STM prides itself on making durable, we’ll-crafted products Case in point: I’ve owned an STM Sphere laptop bag since 2006, and despite a torn mesh pocket on the front, it’s held up quite well. In fact, it’s still my everyday laptop bag. So I was curious to see whether or not the same would hold true with STM’s Dux case for iPad Air (available from RadTech for $49.99). Ultimately, the Dux is well constructed, but a few annoyances detract from the overall experience.

The Dux is a ruggedized case that provides fairly complete protection for your iPad, with a shell enclosing the tablet and a lightweight fold-over cover protecting the screen from scratches. The back shell is a hard, clear plastic, while a semi-rigid plastic ring holds your iPad in place and protects the corners from bumps and drops. The clear plastic backing lets the iPad’s industrial design—or your own custom design—peek through, but it seems like the sort of material that would get scuffed up in regular use (better the case than the iPad, I guess!).

Case open. The cover's magnetic flap wraps around the case and keeps the cover closed.
Case open. The cover’s magnetic flap wraps around the case and keeps the cover closed.

dux_upright

The Dux adds some bulk to your iPad, mostly in terms of thickness—especially if you have the cover folded back. With the cover folded back, the case is about triple the thickness of the iPad Air itself. Since the cover sits flush with the edges of the rear shell when closed, the Dux as about twice the thickness of the Air when the screen is covered. How big a deal this is is a matter of personal preference, though, especially since you may find the added heft gives you the feeling of a more secure grip when you carry your iPad around.

In terms of width, the Dux adds about a quarter inch of girth to your iPad. The extra quarter inch didn’t affect my ability to thumb-type on the iPad while in portrait mode, but if you already struggle to thumb-type on an iPad Air, that quarter of an inch won’t help you any. Also, the case weighs about .66 pounds, so it will add considerable weight back to the one-pound Air.

Case closed! Like, literally.
Case closed! Like, literally.

With its utilitarian gray plastic, the Dux isn’t the prettiest case in the world, but then again, looks aren’t STM’s top priority here. Durability is. STM says the case meets US Department of Defense 810F/G durability standards for, and can withstand drops from 6.6 feet. Fortunately for my iPad, I didn’t have an opportunity to test this claim with the review unit STM provided to me.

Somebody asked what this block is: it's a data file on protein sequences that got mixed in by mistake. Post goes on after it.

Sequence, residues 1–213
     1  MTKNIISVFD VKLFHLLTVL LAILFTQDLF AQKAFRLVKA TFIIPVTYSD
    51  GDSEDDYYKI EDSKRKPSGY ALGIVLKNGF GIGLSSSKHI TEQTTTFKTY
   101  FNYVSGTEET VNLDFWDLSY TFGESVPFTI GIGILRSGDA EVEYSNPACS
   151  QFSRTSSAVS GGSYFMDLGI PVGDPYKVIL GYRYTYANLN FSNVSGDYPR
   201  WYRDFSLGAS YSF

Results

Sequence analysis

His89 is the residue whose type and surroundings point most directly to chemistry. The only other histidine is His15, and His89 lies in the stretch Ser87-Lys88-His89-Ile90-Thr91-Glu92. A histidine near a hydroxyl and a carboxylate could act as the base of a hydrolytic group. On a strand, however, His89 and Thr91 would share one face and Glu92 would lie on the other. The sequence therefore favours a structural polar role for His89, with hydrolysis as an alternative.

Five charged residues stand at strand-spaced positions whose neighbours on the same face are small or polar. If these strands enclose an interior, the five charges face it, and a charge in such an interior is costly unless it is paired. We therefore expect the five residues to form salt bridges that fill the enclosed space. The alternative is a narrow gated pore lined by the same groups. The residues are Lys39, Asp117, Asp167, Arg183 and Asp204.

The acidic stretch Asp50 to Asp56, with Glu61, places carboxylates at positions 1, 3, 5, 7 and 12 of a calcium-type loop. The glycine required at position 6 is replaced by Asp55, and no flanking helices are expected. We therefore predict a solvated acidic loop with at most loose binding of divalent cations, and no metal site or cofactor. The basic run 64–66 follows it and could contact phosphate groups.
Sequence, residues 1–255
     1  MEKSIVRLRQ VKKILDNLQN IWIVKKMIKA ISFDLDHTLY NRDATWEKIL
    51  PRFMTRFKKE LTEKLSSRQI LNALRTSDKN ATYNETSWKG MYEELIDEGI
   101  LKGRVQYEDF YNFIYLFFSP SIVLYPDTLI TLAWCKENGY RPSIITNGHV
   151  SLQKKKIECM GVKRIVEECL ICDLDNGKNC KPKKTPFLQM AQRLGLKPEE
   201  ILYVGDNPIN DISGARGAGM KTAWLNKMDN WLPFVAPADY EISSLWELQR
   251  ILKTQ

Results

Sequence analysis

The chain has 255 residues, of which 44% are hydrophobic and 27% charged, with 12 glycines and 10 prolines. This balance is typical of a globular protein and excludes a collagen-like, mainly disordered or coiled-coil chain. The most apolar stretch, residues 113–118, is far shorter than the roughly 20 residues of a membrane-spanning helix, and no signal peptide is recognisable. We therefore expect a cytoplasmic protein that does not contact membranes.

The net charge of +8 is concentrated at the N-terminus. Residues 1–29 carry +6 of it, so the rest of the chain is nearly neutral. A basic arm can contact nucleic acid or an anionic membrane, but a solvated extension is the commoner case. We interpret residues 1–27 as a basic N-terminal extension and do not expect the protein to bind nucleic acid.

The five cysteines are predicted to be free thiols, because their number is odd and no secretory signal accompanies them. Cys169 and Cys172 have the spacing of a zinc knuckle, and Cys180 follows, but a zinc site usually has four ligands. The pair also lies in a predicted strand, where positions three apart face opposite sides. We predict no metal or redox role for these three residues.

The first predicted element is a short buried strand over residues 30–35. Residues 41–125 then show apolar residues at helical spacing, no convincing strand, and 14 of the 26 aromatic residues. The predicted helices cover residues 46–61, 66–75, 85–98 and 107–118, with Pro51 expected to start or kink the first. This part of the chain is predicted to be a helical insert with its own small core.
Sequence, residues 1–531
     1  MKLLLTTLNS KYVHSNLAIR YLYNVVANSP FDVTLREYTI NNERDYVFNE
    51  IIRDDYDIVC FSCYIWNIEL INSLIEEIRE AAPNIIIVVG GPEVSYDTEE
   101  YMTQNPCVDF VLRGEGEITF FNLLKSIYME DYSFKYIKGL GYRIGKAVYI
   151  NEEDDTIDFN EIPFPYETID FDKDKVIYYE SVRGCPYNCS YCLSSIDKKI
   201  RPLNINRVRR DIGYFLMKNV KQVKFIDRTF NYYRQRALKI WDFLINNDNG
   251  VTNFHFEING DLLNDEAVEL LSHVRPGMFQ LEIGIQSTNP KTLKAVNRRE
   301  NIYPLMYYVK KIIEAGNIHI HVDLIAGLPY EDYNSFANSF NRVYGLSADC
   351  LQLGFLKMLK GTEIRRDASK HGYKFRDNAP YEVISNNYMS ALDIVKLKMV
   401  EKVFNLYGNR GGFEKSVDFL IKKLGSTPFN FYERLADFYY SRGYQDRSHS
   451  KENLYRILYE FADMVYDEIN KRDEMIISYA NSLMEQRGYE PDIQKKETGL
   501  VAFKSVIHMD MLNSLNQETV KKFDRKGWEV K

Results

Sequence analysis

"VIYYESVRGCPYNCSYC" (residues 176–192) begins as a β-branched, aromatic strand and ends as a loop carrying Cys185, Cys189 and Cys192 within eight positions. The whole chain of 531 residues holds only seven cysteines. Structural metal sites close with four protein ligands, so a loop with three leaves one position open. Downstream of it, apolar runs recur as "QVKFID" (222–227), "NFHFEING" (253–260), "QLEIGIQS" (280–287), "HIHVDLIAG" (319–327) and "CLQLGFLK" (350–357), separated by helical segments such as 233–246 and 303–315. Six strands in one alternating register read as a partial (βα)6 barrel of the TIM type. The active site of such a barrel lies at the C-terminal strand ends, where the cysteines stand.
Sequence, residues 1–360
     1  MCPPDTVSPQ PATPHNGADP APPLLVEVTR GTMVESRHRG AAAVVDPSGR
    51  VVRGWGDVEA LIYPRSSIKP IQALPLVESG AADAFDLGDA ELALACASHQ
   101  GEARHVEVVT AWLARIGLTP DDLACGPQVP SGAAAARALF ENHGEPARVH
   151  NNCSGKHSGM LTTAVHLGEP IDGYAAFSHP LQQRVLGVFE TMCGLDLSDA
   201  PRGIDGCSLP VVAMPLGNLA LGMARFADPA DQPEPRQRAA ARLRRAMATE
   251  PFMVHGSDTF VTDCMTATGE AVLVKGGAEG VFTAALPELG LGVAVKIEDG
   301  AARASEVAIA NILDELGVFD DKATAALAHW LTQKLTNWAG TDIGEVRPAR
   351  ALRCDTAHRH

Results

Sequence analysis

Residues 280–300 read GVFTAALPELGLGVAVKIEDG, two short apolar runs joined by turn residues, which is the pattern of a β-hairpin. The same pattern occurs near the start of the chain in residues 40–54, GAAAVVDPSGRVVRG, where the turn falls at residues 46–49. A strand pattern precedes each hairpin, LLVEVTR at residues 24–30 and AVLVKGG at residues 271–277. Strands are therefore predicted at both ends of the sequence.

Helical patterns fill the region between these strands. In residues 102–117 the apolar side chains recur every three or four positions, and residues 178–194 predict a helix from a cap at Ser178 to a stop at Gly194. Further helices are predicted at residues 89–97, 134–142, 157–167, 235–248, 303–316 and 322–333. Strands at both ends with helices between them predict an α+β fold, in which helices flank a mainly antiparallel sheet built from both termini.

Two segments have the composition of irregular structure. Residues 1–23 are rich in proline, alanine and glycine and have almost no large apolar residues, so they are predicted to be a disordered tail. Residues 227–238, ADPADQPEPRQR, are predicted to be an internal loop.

The protective shell does have some drawbacks–most notably the design makes it difficult to press the volume and sleep/wake buttons on the iPad.

The screen cover is similar to what you’ll find on Apple’s Smart Cover: It’s a thin, stiff cover with microfiber lining in the screen side and a flexible crease point that lets you fold the cover and use it as a stand of sorts while you use your iPad in landscape mode.

dux_upright_rear

I used the makeshift fold-over stand both at a typing angle and at a “picture frame” angle which places the iPad in an upright position, and of the two, the typing angle is much more stable. If you press too hard on your iPad while the Dux In the upright stand configuration, the cover can slip out of position and cause the iPad to tumble backwards. The Dux has a pair of nubs that help prevent the back cover from slipping out of place when used as a stand, and it helps to some extent, but I was still able to knock it over with enough force.

Most cases with covers that double as stands have similar stability issues, so I can’t fault STM entirely on this point, but some slightly larger nubs would help make the Dux more stable when used as a stand.

Small, protruding nubs hold the cover in place when used as a stand.
Small, protruding nubs hold the cover in place when used as a stand.

The microfiber material on the cover is nice and soft, though, and the wrap-around magnetic flap keeps the cover nicely secured when it’s closed. The flap is can be a little tricky to grasp without fingernails, so it’d be nice to see STM add in a little pull-tab to make the cover easier to open. Also, the cover is not removable, so it can get in the way sometimes, but you can fold the cover around the back easily and secure it to the back of the case with the magnetic flap.

We don’t have a ratings scale here at Macgasm, but if I were to go off of the standard five-star scale, I’d give the Dux a solid four stars. It’s a very good case overall, and gets points on its build quality. I would like to see STM make a few tweaks to improve the case’s stability when used as a stand, and to address a few other minor issues. But as far as iPad cases go, you can do a lot worse than the STM Dux.